For more than 20 months, the acclaimed music program at Trinity Church, one of New York’s wealthiest and most powerful churches, has had no permanent leader.
The last person to hold that position, Julian Wachner, was fired last year after being accused of sexual misconduct, a charge he has denied. Since then, the church has relied on guests to help fill the gap. But on Monday, Trinity announced that it had found a new leader: Melissa Attebury, the director of the church’s music education and outreach efforts.
“This is a calling, and I feel very compelled and very excited about doing this,” she said in an interview.
Attebury will take the podium at the start of the 2024-25 season, and will be the first woman to hold the position in the church’s 326-year history. She said that while she was honored to be part of the milestone, “my work won’t be focused on the fact that I’m a woman.”
Trinity’s leaders praised Attebury, describing her as a collaborative leader who could help guide the music program in a moment of transition. A singer and pianist by training, she joined Trinity’s choir in 2006 before rising up the administrative ranks.
In an interview, the Rev. Phillip A. Jackson, Trinity’s rector, said that Attebury “just has Trinity in her bones.”
“She already has brought and will continue to bring stability to the role,” he added.
Trinity’s music program — a choir, a Baroque orchestra and Novus NY, a contemporary ensemble, which together present hundreds of events each year — has been in a state of uncertainty since March 2022, when the church fired Wachner after a former Juilliard School employee, Mary Poole, publicly accused him of kissing and groping her at a music festival in 2014, and said that he ignored her demands that he stop. Wachner has disputed Poole’s account, saying that while they briefly kissed, the encounter was consensual.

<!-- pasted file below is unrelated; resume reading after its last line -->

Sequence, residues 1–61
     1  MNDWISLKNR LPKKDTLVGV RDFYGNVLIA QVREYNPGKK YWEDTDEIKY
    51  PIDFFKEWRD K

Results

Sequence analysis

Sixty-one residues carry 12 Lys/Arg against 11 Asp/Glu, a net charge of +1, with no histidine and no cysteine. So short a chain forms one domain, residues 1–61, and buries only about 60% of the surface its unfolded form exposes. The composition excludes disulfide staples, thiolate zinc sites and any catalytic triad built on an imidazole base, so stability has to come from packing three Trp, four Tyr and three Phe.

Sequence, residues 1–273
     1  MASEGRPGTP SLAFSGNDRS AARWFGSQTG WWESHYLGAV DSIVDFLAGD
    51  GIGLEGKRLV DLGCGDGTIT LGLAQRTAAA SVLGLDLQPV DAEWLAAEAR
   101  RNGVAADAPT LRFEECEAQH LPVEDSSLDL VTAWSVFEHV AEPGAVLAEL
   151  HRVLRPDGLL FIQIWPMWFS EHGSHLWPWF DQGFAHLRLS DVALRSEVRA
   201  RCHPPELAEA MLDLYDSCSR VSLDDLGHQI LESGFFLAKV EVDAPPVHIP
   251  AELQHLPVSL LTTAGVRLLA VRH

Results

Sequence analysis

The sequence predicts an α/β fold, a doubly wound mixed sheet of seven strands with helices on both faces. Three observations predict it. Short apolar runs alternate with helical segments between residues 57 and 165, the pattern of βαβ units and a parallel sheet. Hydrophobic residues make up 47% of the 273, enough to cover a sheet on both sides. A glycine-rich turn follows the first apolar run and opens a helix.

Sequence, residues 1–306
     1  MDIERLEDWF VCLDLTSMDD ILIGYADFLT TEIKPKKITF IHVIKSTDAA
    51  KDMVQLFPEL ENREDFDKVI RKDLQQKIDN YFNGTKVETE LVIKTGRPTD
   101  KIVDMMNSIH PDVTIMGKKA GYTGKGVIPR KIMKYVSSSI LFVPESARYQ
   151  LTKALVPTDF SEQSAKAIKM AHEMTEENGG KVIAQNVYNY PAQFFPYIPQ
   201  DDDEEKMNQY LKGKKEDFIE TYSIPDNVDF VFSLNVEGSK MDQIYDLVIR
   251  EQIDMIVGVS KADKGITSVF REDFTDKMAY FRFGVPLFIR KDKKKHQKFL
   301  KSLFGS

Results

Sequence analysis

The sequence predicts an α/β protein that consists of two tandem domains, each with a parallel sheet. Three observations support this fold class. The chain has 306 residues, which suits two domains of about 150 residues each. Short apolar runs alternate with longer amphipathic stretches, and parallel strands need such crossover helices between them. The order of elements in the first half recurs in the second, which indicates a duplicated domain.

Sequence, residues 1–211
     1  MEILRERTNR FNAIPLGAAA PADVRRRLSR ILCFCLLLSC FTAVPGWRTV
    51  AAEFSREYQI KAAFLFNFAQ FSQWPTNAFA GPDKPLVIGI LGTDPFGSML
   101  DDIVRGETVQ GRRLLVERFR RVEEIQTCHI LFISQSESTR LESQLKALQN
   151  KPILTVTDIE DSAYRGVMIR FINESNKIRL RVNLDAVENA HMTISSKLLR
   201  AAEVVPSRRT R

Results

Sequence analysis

At the time, Trinity said that it had not verified the accusations, but that it had dismissed Wachner because he had “otherwise conducted himself in a manner that is inconsistent with our expectations of anyone who occupies a leadership position.” Wachner’s representatives have criticized Trinity, saying that the institution did not conduct a thorough investigation before dismissing him.
Attebury, who has appeared over the years as a vocal soloist with the Trinity ensembles, said that despite its recent challenges, the quality of the music program had not suffered. “We have built a very strong leadership team within the music department,” she said.
As director of music, she said, she hopes to bring more rarely performed works to the stage. Next fall, for example, the ensembles will perform Alessandro Scarlatti’s “Saint Cecilia” Mass. And she will seek to expand Trinity’s education programs, which serve about 750 children in eight public schools.
“I’m very focused,” she said, “on raising up the next generation of church musicians.”
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